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Leading Indicators

A leading indicator gives a buy signal before the new trend or reversal occurs.

A stochastic is an oscillator that measures overbought and oversold conditions in the market.

Stochastics tells us when the market is overbought or oversold.  Stochastics are scaled from 0 to 100.  When the stochastic lines are above 80 (the red dotted line in the chart above), then it means the market is overbought.  When the stochastic lines are below 20 (the blue dotted line), then it means that the market is oversold.  As a rule of thumb, we buy when the market is oversold, and we sell when the market is overbought.


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An oscillator is any object or data that moves back and forth between two points. In other words, it’s an item that is going to always fall somewhere between point A and point B. Think of when you hit the oscillating switch on your electric fan.

Think of our technical indicators as either being “on” or “off”. More specifically, an oscillator will usually signal “buy” or “sell”, with the only exception being instances when the oscillator is not clearly at either end of the buy/sell range. 

Some examples of leading indicators are:

  • Stochastics
  • Parabolic SAR
  • Relative Strength Index (RSI)

Each of these indicators is designed to signal a possible reversal, where the previous trend has run its course and the price is ready to change direction.

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Relative Strength Index, or RSI, is similar to stochastics in that it identifies overbought and oversold conditions in the market.  It is also scaled from 0 to 100. Typically, readings below 30 indicate oversold, while readings over 70 indicate overbought.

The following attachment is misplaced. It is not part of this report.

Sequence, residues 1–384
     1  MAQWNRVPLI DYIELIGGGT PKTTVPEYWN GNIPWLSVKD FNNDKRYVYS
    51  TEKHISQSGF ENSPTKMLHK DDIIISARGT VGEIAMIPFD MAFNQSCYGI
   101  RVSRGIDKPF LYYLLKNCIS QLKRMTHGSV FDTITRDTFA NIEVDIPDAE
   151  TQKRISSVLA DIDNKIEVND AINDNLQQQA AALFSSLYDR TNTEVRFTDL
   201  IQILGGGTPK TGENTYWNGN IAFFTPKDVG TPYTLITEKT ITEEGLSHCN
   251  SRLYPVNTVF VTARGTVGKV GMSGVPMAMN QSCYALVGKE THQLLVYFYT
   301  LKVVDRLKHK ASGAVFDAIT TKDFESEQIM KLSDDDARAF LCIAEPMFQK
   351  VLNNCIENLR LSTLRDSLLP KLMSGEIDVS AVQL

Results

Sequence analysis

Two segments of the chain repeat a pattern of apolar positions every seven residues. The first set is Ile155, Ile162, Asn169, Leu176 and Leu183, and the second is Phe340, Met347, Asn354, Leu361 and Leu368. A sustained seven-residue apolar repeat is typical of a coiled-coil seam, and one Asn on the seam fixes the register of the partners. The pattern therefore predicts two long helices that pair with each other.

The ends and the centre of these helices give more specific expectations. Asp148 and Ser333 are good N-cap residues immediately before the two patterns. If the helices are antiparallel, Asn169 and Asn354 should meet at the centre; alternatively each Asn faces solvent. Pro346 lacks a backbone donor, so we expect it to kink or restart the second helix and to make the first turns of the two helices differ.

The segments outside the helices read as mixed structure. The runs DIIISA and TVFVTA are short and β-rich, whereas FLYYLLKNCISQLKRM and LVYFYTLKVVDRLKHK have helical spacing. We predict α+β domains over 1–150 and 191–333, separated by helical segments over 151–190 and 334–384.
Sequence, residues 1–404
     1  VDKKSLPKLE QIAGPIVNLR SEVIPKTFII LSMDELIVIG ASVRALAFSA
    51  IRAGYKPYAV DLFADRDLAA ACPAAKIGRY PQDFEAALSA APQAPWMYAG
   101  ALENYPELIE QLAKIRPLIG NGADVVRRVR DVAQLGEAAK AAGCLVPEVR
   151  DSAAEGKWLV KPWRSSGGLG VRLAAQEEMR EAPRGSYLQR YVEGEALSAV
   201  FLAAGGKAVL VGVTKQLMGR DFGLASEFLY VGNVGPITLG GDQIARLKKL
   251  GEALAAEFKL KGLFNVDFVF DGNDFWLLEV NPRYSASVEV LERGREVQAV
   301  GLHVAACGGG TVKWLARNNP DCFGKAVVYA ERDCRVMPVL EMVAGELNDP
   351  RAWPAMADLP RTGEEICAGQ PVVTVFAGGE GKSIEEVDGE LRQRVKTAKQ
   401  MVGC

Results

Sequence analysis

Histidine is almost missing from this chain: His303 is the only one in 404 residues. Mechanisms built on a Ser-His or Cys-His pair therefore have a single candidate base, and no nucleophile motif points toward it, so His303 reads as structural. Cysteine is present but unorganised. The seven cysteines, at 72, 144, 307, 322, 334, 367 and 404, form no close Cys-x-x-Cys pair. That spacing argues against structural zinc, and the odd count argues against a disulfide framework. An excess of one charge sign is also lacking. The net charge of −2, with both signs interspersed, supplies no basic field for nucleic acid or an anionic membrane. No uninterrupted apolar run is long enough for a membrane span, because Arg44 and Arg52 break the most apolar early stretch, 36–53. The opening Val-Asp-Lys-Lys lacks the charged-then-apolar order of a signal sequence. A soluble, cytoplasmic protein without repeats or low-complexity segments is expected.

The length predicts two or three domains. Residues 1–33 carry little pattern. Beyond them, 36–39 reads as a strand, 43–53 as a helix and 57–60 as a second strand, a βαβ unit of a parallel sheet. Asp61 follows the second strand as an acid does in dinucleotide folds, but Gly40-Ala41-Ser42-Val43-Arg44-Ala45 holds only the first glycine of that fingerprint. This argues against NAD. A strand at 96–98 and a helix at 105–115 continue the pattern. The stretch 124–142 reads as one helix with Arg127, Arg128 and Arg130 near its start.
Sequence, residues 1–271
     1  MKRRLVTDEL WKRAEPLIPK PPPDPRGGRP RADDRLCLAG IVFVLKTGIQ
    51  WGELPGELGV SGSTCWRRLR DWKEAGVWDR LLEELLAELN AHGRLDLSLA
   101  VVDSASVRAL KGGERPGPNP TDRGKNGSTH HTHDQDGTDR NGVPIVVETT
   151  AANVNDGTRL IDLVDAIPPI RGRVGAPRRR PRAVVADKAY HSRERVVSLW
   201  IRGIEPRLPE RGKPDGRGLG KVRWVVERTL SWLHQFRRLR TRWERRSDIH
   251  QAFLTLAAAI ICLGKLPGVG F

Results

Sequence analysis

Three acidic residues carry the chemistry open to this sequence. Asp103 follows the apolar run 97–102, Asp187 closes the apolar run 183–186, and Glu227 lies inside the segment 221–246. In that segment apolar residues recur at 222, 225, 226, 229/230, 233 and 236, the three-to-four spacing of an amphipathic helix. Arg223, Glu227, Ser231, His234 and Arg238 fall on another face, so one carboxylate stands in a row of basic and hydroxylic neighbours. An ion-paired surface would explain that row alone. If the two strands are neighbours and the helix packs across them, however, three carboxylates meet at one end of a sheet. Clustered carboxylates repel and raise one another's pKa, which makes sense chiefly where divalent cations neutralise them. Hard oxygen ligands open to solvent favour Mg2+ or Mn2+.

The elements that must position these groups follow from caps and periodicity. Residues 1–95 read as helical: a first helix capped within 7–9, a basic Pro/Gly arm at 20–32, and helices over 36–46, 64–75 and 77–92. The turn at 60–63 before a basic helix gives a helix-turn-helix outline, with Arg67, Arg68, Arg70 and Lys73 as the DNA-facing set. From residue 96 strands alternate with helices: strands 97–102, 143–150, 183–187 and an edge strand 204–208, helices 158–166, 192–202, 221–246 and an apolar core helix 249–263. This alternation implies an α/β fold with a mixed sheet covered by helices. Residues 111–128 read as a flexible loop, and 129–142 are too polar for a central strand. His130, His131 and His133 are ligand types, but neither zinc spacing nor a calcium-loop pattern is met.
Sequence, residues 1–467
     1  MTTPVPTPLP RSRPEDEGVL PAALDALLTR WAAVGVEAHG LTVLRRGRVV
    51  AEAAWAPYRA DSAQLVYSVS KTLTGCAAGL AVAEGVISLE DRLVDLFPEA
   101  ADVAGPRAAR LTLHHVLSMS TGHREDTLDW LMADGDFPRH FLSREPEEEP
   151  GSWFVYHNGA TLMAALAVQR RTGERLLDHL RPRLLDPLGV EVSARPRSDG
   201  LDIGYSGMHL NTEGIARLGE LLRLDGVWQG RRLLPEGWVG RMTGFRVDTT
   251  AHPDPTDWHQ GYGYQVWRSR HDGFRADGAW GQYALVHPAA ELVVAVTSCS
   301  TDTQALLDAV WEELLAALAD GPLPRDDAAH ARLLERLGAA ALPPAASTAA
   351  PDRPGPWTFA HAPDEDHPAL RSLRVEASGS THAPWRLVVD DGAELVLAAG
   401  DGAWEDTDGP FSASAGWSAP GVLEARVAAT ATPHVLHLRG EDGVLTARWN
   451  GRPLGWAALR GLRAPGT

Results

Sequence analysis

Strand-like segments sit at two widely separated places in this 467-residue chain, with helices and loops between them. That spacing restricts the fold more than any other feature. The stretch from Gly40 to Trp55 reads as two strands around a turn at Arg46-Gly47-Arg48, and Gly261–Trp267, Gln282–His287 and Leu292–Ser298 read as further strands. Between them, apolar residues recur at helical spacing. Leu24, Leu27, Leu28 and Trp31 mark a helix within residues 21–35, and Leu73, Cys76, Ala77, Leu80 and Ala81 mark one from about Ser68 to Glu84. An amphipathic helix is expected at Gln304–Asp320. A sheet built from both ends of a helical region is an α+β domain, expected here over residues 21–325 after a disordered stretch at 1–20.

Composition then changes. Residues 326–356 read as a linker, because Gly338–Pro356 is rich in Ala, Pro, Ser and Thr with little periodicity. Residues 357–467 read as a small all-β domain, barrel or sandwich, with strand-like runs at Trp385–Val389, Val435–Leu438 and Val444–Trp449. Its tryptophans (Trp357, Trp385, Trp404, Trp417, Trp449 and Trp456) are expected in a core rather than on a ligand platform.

RSI - Relative Strength Index

RSI is a very popular tool because it can also be used to confirm trend formations.  If you think a trend is forming, take a quick look at the RSI and look at whether it is above or below 50.  If you are looking at a possible uptrend, then make sure the RSI is above 50.  If you are looking at a possible downtrend, then make sure the RSI is below 50.

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One indicator that can help us determine where a trend might be ending is the Parabolic SAR (Stop And Reversal).

Parabolic SAR

A Parabolic SAR places dots, or points, on a chart that indicate potential reversals in price movement. From the chart above, you can see that the dots shift from being below the candles during the uptrend, to above the candles when the trend reverses into a downtrend. 

When the dots are below the candles, it is a buy signal; and when the dots are above the candles, it is a sell signal. 

This tool is best used in markets that are trending.  You DON’T want to use this tool in a choppy market where the price movement is sideways.

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